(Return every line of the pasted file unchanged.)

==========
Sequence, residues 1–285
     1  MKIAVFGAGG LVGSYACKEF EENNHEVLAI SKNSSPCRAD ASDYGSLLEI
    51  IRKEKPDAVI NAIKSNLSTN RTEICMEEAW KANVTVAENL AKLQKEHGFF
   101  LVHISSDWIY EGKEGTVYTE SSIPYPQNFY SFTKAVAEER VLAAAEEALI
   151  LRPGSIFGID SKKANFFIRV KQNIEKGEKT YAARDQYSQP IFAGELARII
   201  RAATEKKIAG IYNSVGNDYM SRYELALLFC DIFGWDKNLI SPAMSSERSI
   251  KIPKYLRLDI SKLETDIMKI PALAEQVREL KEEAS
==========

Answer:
Sequence, residues 1–285
     1  MKIAVFGAGG LVGSYACKEF EENNHEVLAI SKNSSPCRAD ASDYGSLLEI
    51  IRKEKPDAVI NAIKSNLSTN RTEICMEEAW KANVTVAENL AKLQKEHGFF
   101  LVHISSDWIY EGKEGTVYTE SSIPYPQNFY SFTKAVAEER VLAAAEEALI
   151  LRPGSIFGID SKKANFFIRV KQNIEKGEKT YAARDQYSQP IFAGELARII
   201  RAATEKKIAG IYNSVGNDYM SRYELALLFC DIFGWDKNLI SPAMSSERSI
   251  KIPKYLRLDI SKLETDIMKI PALAEQVREL KEEAS